Specialization, Standardization, and Opportunism: A Design Theory Perspective on the Production of Cultural Necessities at Tse-whit-zen Village
Lithic artifacts recovered from the Tse-whit-zen village, a large settlement on the coast of the Strait of Juan de Fuca inhabited for 2,800 years, assist in portraying the choices made by people for adapting to the surrounding environment through tool development. Analysis of the lithic assemblage is based on a design theory approach that addresses material selection and reductive manufacturing strategies to understand efficiency, expediency, and reliability in forming the end products. The assemblage is dominated by fabricating tools such as flakes, anvils, hammerstones, and abraders. Mobiliary art in the form of stones with incised designs occur in significant numbers, while tools specific to food procurement such as projectile points, net weights, and fishhook shanks constitute a very small percentage. In contrast, manufactured bone items are almost entirely specialized, standardized components for fishing gear. Cutting, engraving and incising tools were required to produce both the bone tools and the socially significant incised stones but high quality flaking material is not common in the area. Rather than importing exotic material, the artisans developed techniques for producing reliable, standardized cutting tools such as quartz crystal microtools and large spall flake tools from local materials that were less than optimal.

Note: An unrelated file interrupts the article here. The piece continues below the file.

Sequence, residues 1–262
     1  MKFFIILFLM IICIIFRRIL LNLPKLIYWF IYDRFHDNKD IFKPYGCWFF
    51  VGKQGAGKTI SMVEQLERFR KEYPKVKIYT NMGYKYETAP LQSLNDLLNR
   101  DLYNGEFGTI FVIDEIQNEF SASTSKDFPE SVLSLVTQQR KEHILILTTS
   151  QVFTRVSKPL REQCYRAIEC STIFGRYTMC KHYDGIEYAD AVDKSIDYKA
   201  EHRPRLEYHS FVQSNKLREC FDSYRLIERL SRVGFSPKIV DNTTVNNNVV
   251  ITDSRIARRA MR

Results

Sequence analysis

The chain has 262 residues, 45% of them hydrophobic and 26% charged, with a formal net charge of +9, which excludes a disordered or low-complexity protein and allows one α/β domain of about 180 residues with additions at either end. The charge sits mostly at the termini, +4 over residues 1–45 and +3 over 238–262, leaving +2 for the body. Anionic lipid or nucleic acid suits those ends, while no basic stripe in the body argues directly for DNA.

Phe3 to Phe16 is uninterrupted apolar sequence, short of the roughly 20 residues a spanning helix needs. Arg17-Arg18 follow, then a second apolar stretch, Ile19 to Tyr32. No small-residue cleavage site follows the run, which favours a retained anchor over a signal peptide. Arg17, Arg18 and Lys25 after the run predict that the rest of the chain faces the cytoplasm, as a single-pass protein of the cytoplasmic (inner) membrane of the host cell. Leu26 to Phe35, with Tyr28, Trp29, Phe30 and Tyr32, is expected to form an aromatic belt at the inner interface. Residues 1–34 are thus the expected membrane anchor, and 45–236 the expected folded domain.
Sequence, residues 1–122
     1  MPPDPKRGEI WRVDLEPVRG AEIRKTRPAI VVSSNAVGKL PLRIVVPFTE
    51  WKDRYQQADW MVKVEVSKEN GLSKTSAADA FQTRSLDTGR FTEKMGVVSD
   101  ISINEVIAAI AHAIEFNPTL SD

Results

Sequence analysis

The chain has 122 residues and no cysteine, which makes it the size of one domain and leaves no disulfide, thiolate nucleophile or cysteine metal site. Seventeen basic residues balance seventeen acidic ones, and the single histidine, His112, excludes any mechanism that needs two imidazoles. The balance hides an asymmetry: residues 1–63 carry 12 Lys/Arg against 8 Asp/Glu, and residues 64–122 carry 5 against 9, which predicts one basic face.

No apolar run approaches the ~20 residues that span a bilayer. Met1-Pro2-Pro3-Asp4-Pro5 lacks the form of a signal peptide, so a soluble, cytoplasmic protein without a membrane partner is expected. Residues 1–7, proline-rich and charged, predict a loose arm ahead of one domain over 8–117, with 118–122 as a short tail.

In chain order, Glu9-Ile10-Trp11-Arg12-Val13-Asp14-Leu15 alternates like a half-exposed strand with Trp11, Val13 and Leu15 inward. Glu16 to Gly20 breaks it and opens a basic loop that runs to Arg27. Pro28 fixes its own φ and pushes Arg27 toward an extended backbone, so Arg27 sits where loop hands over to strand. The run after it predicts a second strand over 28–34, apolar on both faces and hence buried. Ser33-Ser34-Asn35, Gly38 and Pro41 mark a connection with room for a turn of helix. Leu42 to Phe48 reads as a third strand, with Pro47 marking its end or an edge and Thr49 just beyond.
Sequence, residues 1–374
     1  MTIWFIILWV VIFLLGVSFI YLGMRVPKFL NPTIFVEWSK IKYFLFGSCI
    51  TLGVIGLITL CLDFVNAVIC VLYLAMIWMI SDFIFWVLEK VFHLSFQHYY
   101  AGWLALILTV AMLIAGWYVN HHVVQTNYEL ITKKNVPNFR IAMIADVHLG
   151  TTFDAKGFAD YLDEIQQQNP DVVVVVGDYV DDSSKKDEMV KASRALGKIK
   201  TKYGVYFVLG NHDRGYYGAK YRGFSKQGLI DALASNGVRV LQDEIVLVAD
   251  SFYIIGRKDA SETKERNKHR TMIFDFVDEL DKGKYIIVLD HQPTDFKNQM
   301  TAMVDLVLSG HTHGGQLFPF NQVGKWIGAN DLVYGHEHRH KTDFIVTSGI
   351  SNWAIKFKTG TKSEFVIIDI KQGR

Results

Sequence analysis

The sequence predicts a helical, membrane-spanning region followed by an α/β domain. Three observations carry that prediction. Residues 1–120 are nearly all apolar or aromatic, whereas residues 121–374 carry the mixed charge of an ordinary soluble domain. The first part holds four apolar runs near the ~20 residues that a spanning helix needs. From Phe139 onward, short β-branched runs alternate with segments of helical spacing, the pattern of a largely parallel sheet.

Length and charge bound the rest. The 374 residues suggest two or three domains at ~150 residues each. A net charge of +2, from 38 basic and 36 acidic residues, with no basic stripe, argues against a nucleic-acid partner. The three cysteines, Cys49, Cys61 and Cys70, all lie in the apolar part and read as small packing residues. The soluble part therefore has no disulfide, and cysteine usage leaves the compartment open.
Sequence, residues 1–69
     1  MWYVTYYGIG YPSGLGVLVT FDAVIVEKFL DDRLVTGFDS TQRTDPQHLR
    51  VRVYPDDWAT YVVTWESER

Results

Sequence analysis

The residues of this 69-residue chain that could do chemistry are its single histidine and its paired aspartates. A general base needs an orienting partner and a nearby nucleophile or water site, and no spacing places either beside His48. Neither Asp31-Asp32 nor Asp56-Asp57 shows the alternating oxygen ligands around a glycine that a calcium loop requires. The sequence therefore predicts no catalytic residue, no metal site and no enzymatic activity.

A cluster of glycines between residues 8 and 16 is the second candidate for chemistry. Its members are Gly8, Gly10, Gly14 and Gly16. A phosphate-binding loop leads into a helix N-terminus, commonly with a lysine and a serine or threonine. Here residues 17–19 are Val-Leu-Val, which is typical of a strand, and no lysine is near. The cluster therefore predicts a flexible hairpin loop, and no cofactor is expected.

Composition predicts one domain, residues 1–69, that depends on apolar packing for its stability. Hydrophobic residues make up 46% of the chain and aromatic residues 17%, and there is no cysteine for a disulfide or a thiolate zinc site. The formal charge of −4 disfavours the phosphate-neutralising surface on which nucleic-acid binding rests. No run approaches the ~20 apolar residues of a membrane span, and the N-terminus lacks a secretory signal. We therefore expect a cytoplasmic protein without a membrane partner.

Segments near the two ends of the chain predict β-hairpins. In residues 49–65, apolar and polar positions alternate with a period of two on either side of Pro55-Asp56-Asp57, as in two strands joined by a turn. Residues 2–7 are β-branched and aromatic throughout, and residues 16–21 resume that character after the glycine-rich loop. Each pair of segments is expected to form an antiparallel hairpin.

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Specialization, Standardization, and Opportunism: A Design Theory Perspective on the Production of Cultural Necessities at Tse-whit-zen Village. Joseph Sparaga, Sarah K. Campbell, Laura Phillips. Presented at The 81st Annual Meeting of the Society for American Archaeology, Vancouver, British Columbia. 2017 ( tDAR id: 430210)
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min long: -169.717; min lat: 42.553 ; max long: -122.607; max lat: 71.301 ;
Abstract Id(s): 15661